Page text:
The Fred Hollows Foundation works through partners, and through our partnerships across Australia we acknowledge the pivotal role that Aboriginal and Torres Strait Islander women play – in guiding initiative, decision making, program implementation and policy design within the health sector – from CEOs, Business Managers, Program Managers, Key Advisers, Board Directors, Administration Officers, Researchers, and many other roles.
Do you know of any emerging women leaders in eye health who we should know about?
There are many emerging leaders out there – researchers, nurses, Aboriginal and Torres Srait Islander health practitioners, community workers, policy makers, educators, orthoptists, optometrists (and maybe one day, we will see a female Aboriginal and Torres Strait Islander ophthalmologist).
Of course, within The Fred Hollows Foundation, Vision 2020 Australia and all our member organisations we have a vast array of experienced, knowledgeable and inspirational women doing great things, at all levels, across the sector.
Aboriginal and Torres Strait Islander adults are three times more likely to go blind than non-Indigenous Australians. How does The Foundation’s Indigenous Australia Program work to close the gap in Aboriginal and Torres Strait Islander eye health?
The Foundation’s Indigenous Australia Program ultimately aims to increase access to quality and culturally safe eye care services for Aboriginal and Torres Strait Islander peoples. We work through partners (as we are not a service provider), uphold guiding principles (including only going where invited, where there is a demonstrated need, and not competing with Aboriginal and Torres Strait Islander health organisations for funding) and continue Fred Hollows’ ‘right to health’ legacy. Our programs are designed with a focus on the patient journey and through a Health System Strengthening approach.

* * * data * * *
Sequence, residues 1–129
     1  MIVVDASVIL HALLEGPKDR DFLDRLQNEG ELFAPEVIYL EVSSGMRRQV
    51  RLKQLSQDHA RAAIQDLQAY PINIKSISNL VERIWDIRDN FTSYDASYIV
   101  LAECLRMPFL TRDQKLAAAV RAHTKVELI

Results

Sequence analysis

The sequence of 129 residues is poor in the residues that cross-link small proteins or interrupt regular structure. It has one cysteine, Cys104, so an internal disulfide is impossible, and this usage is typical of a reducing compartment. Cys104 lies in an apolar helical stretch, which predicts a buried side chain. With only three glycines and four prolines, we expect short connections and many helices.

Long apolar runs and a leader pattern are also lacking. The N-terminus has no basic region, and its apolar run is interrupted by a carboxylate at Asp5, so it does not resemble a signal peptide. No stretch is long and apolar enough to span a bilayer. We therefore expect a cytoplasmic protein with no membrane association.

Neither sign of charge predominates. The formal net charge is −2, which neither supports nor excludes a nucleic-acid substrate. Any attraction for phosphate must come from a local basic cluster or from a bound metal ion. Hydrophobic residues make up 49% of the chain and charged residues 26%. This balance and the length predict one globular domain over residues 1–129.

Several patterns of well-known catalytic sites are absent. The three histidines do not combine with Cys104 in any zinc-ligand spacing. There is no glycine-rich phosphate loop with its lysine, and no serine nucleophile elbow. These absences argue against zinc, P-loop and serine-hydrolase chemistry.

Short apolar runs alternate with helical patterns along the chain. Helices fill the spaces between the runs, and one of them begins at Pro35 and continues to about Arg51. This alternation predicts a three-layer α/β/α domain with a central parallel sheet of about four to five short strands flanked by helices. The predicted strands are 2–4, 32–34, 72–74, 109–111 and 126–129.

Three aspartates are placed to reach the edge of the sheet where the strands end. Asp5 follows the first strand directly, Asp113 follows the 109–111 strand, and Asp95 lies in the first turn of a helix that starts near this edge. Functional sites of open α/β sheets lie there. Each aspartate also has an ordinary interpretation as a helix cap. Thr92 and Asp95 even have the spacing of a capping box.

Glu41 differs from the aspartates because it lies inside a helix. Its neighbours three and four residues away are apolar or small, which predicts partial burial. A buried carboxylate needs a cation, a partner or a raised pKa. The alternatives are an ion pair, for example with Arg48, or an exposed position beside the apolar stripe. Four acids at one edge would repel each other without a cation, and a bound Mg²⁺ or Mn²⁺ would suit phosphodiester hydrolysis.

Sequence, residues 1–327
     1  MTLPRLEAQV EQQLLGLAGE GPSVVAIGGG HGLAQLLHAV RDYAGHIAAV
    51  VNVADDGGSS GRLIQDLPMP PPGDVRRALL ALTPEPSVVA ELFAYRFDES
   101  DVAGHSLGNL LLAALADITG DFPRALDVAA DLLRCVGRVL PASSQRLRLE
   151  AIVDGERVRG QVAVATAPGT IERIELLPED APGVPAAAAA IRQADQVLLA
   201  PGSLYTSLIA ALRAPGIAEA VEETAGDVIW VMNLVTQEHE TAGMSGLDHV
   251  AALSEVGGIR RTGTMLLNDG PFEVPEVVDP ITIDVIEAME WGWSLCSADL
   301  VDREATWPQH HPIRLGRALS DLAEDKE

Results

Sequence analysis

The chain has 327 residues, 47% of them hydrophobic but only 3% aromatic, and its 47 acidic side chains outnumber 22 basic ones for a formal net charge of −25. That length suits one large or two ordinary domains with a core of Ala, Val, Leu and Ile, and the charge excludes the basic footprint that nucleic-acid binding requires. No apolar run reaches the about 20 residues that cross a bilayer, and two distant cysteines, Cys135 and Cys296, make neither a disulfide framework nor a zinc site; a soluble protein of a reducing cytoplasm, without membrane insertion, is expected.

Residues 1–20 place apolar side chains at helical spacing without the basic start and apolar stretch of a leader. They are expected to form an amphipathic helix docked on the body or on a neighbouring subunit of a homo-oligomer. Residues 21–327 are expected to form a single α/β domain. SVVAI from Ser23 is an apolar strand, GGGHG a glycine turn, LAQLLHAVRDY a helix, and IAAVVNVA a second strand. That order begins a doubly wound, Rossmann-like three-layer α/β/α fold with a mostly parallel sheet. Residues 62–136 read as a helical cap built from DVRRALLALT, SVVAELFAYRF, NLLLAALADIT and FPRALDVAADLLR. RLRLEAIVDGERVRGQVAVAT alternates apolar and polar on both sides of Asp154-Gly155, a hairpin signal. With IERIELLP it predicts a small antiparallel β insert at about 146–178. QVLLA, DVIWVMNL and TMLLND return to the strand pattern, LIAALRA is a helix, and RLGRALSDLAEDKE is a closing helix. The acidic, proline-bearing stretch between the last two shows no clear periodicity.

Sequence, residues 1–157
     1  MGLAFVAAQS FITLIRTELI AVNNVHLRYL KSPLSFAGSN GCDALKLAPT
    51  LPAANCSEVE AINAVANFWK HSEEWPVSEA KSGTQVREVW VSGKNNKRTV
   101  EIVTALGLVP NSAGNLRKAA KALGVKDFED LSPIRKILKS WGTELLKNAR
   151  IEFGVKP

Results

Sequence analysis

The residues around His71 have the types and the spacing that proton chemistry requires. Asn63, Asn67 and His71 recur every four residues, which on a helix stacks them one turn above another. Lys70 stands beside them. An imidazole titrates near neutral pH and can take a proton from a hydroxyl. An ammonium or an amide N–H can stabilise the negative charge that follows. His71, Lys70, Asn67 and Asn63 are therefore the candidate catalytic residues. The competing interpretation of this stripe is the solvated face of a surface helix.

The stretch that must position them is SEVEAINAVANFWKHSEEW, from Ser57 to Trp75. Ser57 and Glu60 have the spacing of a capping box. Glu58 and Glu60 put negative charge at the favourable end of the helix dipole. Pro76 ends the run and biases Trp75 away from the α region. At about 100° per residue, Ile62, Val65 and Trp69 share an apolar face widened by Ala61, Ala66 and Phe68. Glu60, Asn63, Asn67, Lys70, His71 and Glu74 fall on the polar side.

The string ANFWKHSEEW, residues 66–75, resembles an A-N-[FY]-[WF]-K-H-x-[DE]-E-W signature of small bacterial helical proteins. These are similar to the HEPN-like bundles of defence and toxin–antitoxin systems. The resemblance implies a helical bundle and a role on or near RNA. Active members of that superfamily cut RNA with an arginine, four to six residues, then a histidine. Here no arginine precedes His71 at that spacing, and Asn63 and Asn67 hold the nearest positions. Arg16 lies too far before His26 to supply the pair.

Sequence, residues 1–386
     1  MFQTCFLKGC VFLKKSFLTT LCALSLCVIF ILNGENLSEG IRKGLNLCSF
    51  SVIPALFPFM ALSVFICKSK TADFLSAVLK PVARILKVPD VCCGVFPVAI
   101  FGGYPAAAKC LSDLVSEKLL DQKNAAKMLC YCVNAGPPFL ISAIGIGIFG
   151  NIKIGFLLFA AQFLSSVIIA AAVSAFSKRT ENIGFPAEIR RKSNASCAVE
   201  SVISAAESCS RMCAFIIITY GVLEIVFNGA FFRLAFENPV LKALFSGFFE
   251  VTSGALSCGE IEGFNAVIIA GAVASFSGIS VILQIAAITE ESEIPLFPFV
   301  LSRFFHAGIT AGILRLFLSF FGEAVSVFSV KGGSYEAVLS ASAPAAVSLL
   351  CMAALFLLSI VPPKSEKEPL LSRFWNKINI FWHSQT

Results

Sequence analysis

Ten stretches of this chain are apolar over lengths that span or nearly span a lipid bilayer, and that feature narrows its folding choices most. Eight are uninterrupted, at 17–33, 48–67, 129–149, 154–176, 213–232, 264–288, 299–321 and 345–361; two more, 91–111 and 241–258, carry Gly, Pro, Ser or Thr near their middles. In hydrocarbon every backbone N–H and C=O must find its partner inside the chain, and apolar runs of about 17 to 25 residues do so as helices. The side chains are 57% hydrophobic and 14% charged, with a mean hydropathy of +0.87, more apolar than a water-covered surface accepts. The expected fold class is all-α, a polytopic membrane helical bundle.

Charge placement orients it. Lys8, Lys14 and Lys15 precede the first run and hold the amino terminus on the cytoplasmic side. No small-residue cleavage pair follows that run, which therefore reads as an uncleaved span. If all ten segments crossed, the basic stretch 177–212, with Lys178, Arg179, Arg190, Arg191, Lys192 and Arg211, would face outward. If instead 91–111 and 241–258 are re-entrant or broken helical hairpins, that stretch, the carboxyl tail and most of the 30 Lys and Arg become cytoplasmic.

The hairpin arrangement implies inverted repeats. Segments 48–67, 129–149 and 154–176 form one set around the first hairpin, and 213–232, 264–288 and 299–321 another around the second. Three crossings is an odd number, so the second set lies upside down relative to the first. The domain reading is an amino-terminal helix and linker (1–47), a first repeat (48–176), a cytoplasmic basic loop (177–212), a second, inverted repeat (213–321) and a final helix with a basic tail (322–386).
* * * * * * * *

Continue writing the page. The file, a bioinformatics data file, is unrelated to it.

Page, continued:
The Foundation’s Indigenous Australia Program also aims to provide a point of difference and support Aboriginal and Torres Strait Islander voices being heard in decision making and policy design at all levels. Noting that there are a large number of stakeholders in the eye care space, it is important to collaborate in order to meet service delivery needs and direct efforts and resources to where they make the most difference – to patient care.
What do you think are the biggest challenges in working to prevent avoidable blindness in Aboriginal and Torres Strait Islander communities?
There are a number of key challenges, with the biggest one from my perspective being the need for Aboriginal and Torres Strait Islander voices to be heard. That’s not as easy as it sounds. Aboriginal and Torres Strait Islander peoples need to be engaged in the process, given the tools (including information) to drive the process and lead the decision making for their community and/or organisations, at all levels. This is an ongoing challenge that we, in Australia, seem to find the hardest to address (although on the face of, it seems, an easy fix.)
The second biggest challenge is that eye health is not generally at the forefront of people’s minds, with holistic health (as opposed to a body part approach) and life ending diseases/conditions being more immediate in terms of living, resourcing and care. As a sector, we would suggest that eye health is very important for everyday life events and that generally 90% of blindness or vision loss can be prevented or treated, so it’s a worthwhile investment – for the individual and the system.